PwC’s Sports Business Advisory practice sat down with Xavier Campbell, CEO Essendon Football Club, to discuss the AFL team's move into the world of esports.
Essendon were one of the first Australian sports organisations to invest in esports, what motivated this decision?
Esports was identified as a unique opportunity to be an early adopter in an emerging market with significant growth potential. It presented a different opportunity to engage and connect with a new generation of fans on a platform that is relevant to the millennial audience. The global audience growth, participation levels and engagement rates demonstrated esports was fast becoming mainstream. Further to this, the commercial model is immature and practically a blank canvas presenting an opportunity to bring our resources and expertise to maximise revenue opportunities.
What have been the challenges with integrating esports into a traditional sports organisation?
The biggest challenge is a lack of understanding about esports and overcoming the scepticism from traditional mainstream audiences to accept esports as a sport. The role of a traditional sports club is to help educate the audience and bring them on the journey. Mainstream sports fans find it difficult to appreciate the skill level, professionalism and hard work and dedication required to be successful in esports. Different mediums, communications and tone have all been important in showing we are genuine about our investment in esports and our desire to see both our team and the industry succeed.
Further to this is the perception that esports is ‘taking something away’ from your traditional business (and this is particularly prevalent if your traditional business is not performing to the level you might like). I find that it is quite the opposite. It is complimentary, provides an opportunity to attract new fans and drive new commercial opportunities.
What does having an esports team add to Essendon?
It certainly adds a new and exciting way to talk to the millennial audience, a demographic that is notoriously hard to access for traditional sporting organisations, and indeed many other organisations. In time it will add a new revenue stream, capable of commercial independence and ideally with strong capital growth. It is also an area to grow existing staff skills and experience, already we have had staff working on esports who would traditionally have no exposure to such an industry and its inner workings. And finally, it provides an opportunity to innovate and disrupt without the guidelines and boundaries of traditional sports codes.
How can traditional sport add value to esports organisations/industry?
Bringing a greater level of professionalism, particularly in the commercial operations and player welfare spaces, will no doubt see benefits to our team and the industry. We have already experienced strong media attention over our short esports journey. The level of coverage in traditional media we have been able to garner not only for our team, but also for esports more broadly. Hybrid fans, those willing to cross over from football and explore the world of esports, will also bring value.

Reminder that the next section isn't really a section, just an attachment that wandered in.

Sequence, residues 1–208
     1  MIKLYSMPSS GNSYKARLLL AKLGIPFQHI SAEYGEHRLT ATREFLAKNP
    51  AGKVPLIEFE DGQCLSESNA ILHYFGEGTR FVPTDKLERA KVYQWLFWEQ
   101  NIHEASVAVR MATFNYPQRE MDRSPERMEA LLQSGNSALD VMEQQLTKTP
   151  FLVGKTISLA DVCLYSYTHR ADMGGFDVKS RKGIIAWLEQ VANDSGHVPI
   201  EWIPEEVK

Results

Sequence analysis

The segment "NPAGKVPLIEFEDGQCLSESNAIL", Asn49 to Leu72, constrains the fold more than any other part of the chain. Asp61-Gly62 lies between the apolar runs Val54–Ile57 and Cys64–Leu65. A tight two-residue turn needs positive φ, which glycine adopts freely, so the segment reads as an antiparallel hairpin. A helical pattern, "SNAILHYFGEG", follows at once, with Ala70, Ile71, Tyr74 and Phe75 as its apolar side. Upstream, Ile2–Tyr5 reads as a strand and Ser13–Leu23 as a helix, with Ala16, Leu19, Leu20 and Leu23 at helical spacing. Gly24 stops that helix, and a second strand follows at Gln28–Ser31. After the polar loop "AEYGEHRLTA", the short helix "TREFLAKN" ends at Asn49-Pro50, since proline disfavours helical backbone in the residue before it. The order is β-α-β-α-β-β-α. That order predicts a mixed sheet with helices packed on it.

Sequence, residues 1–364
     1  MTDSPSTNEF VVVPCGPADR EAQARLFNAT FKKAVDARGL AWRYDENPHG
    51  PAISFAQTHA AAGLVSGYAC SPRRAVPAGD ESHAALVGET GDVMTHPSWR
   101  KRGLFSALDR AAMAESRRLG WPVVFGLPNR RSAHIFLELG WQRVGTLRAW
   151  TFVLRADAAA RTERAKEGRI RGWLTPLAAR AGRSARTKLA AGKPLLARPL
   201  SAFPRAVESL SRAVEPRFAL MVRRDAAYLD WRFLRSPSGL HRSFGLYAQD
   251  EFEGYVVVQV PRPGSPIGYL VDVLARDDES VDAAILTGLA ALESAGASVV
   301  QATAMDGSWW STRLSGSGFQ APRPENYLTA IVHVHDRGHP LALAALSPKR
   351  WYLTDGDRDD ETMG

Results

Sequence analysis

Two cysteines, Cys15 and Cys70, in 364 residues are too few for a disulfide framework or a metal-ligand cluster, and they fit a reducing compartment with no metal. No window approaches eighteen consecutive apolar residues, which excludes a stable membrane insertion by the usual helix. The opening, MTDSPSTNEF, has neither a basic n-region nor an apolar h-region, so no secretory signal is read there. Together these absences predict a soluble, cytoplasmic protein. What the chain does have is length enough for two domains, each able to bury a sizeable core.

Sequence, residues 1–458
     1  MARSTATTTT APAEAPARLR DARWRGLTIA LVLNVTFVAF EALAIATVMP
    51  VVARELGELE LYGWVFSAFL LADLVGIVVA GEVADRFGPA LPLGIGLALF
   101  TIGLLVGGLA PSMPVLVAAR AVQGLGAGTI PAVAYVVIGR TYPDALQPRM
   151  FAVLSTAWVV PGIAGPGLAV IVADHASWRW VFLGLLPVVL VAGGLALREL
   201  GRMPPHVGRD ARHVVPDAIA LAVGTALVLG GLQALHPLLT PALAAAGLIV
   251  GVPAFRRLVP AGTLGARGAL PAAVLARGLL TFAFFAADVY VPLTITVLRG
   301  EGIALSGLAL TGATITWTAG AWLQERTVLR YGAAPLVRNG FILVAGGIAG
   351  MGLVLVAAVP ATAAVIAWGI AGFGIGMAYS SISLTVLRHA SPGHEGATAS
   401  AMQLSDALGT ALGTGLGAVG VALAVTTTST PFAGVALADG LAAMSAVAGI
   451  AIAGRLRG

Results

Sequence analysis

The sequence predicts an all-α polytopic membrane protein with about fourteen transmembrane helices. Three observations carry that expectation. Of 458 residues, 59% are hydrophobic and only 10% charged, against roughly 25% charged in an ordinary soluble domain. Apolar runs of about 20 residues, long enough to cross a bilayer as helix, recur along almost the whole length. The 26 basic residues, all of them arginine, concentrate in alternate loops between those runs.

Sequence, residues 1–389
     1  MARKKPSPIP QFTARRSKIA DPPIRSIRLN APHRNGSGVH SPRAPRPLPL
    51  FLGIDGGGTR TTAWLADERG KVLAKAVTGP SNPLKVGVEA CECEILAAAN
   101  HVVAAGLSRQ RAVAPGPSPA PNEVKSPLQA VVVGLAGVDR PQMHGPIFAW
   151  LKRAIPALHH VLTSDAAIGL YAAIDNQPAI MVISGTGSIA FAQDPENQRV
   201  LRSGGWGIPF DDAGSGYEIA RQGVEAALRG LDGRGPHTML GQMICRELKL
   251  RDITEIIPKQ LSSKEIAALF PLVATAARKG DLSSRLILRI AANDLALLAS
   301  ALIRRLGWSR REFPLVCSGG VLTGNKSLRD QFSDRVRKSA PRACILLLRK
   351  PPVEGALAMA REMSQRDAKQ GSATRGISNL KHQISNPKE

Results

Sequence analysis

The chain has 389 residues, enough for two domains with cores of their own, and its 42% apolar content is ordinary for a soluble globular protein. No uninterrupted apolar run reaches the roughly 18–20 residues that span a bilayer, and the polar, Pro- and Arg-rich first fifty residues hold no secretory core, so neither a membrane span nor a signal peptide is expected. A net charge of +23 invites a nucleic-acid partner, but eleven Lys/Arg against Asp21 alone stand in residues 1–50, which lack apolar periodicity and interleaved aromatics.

How do you see esports growing as an industry?
In a word, exponentially. As a general rule, we sit approximately five years behind the U.S. in terms of growth trajectory for esports, putting us on a course for significant growth over the next few years. This will be growth not only in viewership and participation, but also in revenue and commercial maturity. There will no doubt be those that get left behind, but those who are able to adapt and innovate will get an opportunity to really shape the esports industry in Australia and beyond.
How will traditional sports and e-sports co-exist in the future?
While the industry is obviously evolving very quickly, esports in Australia will not be rivalling the AFL in viewership, attendance or revenue in the short to medium term. Consumption of traditional sports will continue in parallel with the growth of esports, and, at least at this stage, we don’t see them as competing products. As such, they are likely to comfortably coexist for now. However, esports presents a challenge (and potentially an opportunity) to traditional sports moving forward because of how easily it is consumed as a product. At present, every esport in the world is completely free to watch, anywhere, anytime. In the longer term, however, this will change and is likely to lead to some degree of friction, as eventually esports will potentially be competing for similar revenues as traditional sport. When you consider that esports is what every traditional sport is trying to become - young, global, digital and increasingly diverse – it is going to be a fascinating journey over the next few years.
Thank you Xavier for taking the time to share your thoughts on esports and we wish Essendon Football Club all the best for the 2019 season.